Thursday, 28 July 2011

Bargain Bed

As anyone reading this who has stayed at the Briggs house knows, our guest bed is a very uncomfortable pull out sofa bed. Not any more. We managed to get ourselves an ex-display bargain whilst buying dinner last week in our local Tesco! The kind man who helped us even proudly threw in the headboard free to seal the deal. I could not bring myself to tell him that the tired looking cheap plastic faux leather headboard would not be going anywhere near my new home. But once we got it all home I realised that I own a staple gun and a cupboard full of material - genius!

It is now covered in a grey/blue tweed from the wonderful Bute Fabrics - I always buy a bit extra from them because you never know when you might need some tweed. We are now ready for visitors...

Saturday, 23 July 2011

Two Chairs

 This week I got the chance to work on two chairs. It was quite a challenge since the client had chosen a luxuriously thick patterned material of which there was enough by millimetres, there was so much piping to stitch, and I had to make the second chair look exactly like the first!

I started by stripping the original material off. These chairs were modernly upholstered, i.e with foam and staples. I found a ten pence piece inside with 1992 as the date - though obviously this means they could have been upholstered any time since then, I like to think that someone put the coin in as a memento of that particular year. That would mean I was just six and still aspiring to be a pig farmer when these chairs were last worked on, never imagining that I would grow up to be an upholsterer. Anyway...

Modern upholstery is notoriously hard to strip since you have to use so many staples to keep the material in place. It is difficult to get your staple remover under the old staples and results in many blisters - very tiring work...

Once the material was off I separated each piece and used them as a template to cut the new material. This was tricky as the pattern needed to match up when attached to the chair, and due to the amount of material there was no room for error.

When the material was cut I started stitching the panels together and stitching the piping. I strongly believed that practise makes perfect and the more piping I stitch the better it will get. That was until an upholsterer friend of mine, who is a pro on her sewing machine, told me that she still finds piping a nightmare. I fear I will eternally dread it.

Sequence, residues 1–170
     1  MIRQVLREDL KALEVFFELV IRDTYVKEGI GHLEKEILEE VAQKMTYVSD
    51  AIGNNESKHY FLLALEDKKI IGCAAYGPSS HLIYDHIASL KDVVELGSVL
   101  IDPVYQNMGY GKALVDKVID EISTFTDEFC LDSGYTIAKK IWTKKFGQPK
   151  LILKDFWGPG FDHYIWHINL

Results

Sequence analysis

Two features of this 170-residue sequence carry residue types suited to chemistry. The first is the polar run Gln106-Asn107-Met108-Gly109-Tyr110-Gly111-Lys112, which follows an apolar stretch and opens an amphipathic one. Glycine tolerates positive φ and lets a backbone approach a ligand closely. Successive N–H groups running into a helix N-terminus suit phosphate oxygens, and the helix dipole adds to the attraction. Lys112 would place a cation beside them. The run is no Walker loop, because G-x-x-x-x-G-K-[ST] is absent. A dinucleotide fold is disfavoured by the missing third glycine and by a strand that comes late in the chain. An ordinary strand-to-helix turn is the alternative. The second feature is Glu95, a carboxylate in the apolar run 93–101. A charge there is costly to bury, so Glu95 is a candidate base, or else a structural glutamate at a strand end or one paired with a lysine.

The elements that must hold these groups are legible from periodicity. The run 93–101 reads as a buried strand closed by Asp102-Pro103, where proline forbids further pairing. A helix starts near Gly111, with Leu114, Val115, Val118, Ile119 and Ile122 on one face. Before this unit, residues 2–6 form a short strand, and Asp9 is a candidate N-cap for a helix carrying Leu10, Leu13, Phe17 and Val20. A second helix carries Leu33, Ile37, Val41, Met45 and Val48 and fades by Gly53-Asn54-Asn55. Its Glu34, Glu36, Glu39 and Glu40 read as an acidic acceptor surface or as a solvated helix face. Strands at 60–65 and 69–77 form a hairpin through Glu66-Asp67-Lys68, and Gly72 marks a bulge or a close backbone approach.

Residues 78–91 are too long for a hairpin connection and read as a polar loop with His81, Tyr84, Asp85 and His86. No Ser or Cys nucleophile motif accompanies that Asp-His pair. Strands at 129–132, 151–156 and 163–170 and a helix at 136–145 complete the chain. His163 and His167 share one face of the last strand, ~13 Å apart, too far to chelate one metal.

But, once the stitching was all done I got onto the fun part. The seat material was temporary tacked (i.e with tacks not hammered in properly so they are easily removed to change things) so that I could get the pattern on evenly and pull the material tight. Once this was exactly how I wanted it I stapled it onto the frame. The arms went on next, again with temporary tacks to ensure both arms matched before being stapled. Then the seat back was stapled down and I hand stitched the piping edge to the edge running against the arms. Finally the back was attached and I glued on two lines of braiding to cover the staples.

Although a challenge, these chairs provided a good chance to practice some new and old skills, I am pleased with the results, and there was even a good sized off-cut to make a bonus cushion cover!

Monday, 11 July 2011

Library Chair

Remember this old chair?

I carefully stripped the material off and used it as a template for the new Harris tweed material. Before I attached the new cover I strengthened the webbing to alleviate any sagging and added a little more stuffing. 
The hardest part for me was stitching the piping as I had not had much experience with this. The back and arms of the chair are made up of three panels stitched together along two piping cords. The seat is made up of two panels stitched together, with the piping joining them along the front of the seat.
Once these had been stitched together I attached them to the chair using tacks, pulling the material as tight as possible. The back was then stitched together (another three panels, but no piping) and attached. This was then finished with decorative tacks.


  Finally I replaced the old castors with some nice new shiny brass ones, and attached a dust cloth. The end result is a very cosy, solid chair that would look totally at home in a library, next to a roaring fire. Preferably with a good book and your favourite drink. For close ups of the material see here.

Friday, 8 July 2011

The Apprentice

Apologies for the lack of creativity going on here recently. We are now (mostly) unpacked and settled in, and I have gained an apprentice, Henny. She is great, lazy company but demands a tea break every hour.

Despite all the breaks and slow work, my tub chair is nearly finished and photos will be up here by the end of the week. I have taken a delivery of four dining chairs that will be getting spruced up and sold on. And there is another project for someone else in the pipeline. 
Let the creativity commence...